Just as the attack on mask-wearing, the basis for the attack on “critical race theory” is totally bogus: CRT is not actually part of the K-12 curriculum, but rather, is an issue taught in law schools to examine how systemic racism has become embedded in criminal justice.
But the term has become shorthand for anything that is critical of United States history and might burst any myth of “American Exceptionalism.” The fuse was lit by the self-examination after the publication of the New York Times’ “1619” project.
Public education has been a target of right-wing conservatives going back to Reagan, as much because of the fight to force prayer in school and public tax money for parochial schools as to weaken teacher unions, among the largest unions still in existence and typically supporting Democrats.
Their fear is that if children grow into adults who respect others and see the injustice of economic, political and social inequities, if they realize that the American Dream is rigged, they might actually embrace policies and politicians to correct it.
“Critical race theory, the 1619 Project, and the crusade against American history is toxic propaganda, ideological poison that, if not removed, will dissolve the civic bonds that tie us together,” Trump declared. “It will destroy our country” adding “teaching this horrible doctrine to our children is a form of child abuse in the truest sense of those words.”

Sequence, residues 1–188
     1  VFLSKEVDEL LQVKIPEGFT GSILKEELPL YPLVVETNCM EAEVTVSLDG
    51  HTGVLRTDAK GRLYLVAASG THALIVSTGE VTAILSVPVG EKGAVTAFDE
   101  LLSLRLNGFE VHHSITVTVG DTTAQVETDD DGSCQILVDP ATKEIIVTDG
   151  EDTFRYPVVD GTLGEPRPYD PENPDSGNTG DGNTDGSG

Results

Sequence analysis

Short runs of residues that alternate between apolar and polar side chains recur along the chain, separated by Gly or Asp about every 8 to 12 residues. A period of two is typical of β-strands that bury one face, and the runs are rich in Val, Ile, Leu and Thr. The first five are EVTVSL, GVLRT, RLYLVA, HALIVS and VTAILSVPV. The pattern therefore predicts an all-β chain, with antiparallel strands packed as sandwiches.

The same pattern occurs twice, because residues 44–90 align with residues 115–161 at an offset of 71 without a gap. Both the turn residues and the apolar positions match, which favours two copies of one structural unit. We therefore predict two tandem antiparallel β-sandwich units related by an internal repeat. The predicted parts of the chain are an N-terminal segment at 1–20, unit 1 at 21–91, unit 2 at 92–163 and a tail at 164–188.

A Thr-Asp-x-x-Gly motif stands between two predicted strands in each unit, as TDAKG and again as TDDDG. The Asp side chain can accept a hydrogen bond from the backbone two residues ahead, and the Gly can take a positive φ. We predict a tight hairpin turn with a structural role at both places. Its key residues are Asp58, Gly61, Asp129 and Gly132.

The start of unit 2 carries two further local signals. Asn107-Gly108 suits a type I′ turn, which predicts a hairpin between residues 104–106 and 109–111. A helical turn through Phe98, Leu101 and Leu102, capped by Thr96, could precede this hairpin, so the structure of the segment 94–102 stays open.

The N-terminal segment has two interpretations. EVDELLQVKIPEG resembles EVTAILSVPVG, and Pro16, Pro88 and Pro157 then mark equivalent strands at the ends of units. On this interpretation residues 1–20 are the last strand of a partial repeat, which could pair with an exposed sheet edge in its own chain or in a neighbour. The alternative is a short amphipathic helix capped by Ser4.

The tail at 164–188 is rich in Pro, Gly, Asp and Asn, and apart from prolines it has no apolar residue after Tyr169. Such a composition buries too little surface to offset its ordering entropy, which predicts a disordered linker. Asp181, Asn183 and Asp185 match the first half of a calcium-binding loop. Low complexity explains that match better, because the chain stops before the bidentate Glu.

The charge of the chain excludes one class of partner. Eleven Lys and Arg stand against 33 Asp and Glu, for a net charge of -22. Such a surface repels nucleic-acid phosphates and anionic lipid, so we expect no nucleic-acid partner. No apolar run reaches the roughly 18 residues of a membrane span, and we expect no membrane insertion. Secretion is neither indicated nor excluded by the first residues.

To counter such education, he formed a 1776 Commission for Patriotic Education so that “our youth will be taught to love America with all of their heart and all of their souls.”
Already, there have been literal attacks on school board members and meetings, and right-wingers taking over seats on school boards.
States have passed bans on teaching critical race theory but what does that mean practically? You can’t teach about slavery in Colonial America, the Trail of Tears, the Civil War, the Dred Scott decision, Plessy v. Ferguson, the Indian Wars, Sitting Bull?
“We told our members you can do what your professional obligation requires – teach honest, accurate United States history, some of it is uncomfortable, but helps kids become critical thinkers when they understand the facts and can draw their own conclusions,” AFT President Randi Weingarten said on MSNBC. “We will defend that, just like the Scopes Trial of old, when they tried to stop teaching Evolution. It’s very important to be able to teach accurate history.